- Associated Press - Sunday, June 28, 2015

CHICAGO (AP) - A man who shot and killed a Chicago police officer as a teenager in the 1970s has been freed from prison, and some officers and the victim’s daughter are upset.

According to the Chicago Tribune (http://trib.in/1FIwVdm ), a parole board voted Thursday to release 58-year-old Joseph Bigsby from the Danville Correctional Center. He left the eastern Illinois prison that night.

Bigsby was 16 in 1973 when he killed officer Edward Barron. Barron and fellow Officer Daniel Abate were chasing him following the robbery of an elderly man.

The now-retired Abate had been attending Bigsby’s parole hearings for more than three decades. Abate said in recent years the number of board members voting to release Bigsby had grown.

On Thursday in Springfield, at Bigsby’s 28th hearing, the vote was 8-6 to set him free.

“It’s a shame. It’s a travesty,” said Abate, who is 73 and lives in Bridgeport.

He and 50 other officers attended the hearing.

But one member of the board who voted for freeing Bigsby, former Champaign police officer Donald Shelton, said that while the decision was difficult, Bigsby deserved to be released.

“This was a 16-year-old boy who, for whatever reason, was being an idiot like a lot of 16-year-old boys and it went way south,” Shelton said, adding that Bigsby had been a model prisoner. “I was very conflicted that he shot a police officer and he died.”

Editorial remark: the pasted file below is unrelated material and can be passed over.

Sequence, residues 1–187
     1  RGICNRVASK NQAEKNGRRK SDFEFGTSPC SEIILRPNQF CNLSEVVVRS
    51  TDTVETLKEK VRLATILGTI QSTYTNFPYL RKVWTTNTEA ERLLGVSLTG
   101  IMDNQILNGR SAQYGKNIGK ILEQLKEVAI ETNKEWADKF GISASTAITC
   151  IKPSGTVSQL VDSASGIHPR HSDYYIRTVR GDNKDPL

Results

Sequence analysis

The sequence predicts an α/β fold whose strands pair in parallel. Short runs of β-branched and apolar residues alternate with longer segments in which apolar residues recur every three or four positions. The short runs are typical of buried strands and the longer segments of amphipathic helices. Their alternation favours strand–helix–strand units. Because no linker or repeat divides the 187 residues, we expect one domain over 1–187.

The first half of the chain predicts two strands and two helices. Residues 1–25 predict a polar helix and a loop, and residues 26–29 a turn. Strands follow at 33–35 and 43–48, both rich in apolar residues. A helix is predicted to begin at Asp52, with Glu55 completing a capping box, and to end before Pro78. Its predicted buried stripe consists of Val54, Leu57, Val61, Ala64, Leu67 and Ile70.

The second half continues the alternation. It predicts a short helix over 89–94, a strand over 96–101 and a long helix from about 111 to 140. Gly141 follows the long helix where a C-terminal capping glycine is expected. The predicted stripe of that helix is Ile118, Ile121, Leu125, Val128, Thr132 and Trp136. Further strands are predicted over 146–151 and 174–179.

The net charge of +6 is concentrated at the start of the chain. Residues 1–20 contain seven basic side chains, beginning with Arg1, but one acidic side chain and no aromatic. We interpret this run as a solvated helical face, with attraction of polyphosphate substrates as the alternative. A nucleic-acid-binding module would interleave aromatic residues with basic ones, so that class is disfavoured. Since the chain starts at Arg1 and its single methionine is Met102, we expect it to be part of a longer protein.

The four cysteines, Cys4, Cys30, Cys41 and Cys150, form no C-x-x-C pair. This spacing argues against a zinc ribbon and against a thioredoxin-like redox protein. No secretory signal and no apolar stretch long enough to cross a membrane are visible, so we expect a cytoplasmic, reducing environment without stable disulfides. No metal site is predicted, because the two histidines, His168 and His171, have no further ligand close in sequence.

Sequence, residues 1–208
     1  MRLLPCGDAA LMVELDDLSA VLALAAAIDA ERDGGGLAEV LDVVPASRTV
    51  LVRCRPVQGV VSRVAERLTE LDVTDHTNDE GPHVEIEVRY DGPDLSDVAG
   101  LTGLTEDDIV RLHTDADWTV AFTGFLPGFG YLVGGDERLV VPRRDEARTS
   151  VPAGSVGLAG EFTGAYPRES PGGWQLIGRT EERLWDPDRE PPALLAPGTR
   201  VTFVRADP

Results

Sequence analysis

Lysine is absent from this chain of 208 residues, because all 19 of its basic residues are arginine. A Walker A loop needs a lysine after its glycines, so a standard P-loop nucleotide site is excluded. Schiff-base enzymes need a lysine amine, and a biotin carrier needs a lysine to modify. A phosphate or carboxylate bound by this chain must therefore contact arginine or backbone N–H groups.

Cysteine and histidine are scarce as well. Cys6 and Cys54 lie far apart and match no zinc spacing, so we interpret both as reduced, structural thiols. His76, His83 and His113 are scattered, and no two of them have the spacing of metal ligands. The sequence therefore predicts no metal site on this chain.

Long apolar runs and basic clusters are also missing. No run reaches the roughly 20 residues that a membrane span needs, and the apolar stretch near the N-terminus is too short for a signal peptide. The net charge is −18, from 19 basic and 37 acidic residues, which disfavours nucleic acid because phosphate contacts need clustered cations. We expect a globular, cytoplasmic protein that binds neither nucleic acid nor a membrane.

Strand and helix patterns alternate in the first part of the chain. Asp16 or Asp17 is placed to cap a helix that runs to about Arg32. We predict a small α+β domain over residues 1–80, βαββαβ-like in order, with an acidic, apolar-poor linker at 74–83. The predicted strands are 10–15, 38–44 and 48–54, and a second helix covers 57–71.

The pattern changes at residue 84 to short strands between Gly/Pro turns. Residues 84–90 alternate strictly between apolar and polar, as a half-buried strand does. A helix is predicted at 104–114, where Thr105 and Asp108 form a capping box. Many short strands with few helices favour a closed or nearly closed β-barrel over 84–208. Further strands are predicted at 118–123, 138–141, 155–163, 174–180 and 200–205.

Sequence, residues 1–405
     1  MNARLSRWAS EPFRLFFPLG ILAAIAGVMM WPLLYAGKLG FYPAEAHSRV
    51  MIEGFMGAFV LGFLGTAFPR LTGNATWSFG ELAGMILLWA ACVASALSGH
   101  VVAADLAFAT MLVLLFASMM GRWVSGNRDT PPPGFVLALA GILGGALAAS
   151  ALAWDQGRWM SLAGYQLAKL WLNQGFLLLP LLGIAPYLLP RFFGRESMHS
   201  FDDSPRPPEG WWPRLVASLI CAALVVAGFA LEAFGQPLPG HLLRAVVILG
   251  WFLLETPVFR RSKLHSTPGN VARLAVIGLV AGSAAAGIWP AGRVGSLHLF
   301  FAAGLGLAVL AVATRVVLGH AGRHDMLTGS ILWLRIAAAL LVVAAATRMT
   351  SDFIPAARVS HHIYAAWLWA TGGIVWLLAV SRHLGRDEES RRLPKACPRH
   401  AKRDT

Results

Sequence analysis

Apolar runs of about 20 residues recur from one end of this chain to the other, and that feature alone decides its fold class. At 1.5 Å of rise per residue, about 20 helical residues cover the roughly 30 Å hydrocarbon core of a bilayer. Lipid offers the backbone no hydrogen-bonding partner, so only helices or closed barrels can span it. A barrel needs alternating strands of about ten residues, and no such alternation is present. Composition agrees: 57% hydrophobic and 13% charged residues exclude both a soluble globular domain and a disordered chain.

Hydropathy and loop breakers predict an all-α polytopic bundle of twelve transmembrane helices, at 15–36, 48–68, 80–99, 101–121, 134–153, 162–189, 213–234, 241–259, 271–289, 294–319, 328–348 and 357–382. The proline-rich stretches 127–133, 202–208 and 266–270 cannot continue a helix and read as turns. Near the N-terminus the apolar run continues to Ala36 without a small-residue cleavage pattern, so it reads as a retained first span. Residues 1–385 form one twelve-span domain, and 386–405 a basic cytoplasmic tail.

The robbery on Sept. 28, 1973, was over 55 cents. The victim was walking his dog when someone put a gun to his chest and took the money, according to reports from the time.

Bigsby shot Barron during the chase that followed.

“When he did that, I shot him in the leg,” Abate said. “And I said to my partner, ‘I got that SOB’…I turned and repeated that and my partner was lying on the ground.”

Barron, a 36-year-old married father, was hit in the head and died of his injuries.

Bigsby was paroled to Maryland, where he will live with a sister and be on electronic monitoring for at least six months, according to the review board.

Barron’s daughter, 54-year-old Linda Flanagan, said she will now always be nervous that Bigsby is free.

Flanagan said the family left Chicago for Tennessee after her father died.

“It’s hard for us to even go to Chicago,” she said. “Sad memories. Our heart is not there anymore. It took a toll on the family.”

___

Information from: Chicago Tribune, http://www.chicagotribune.com

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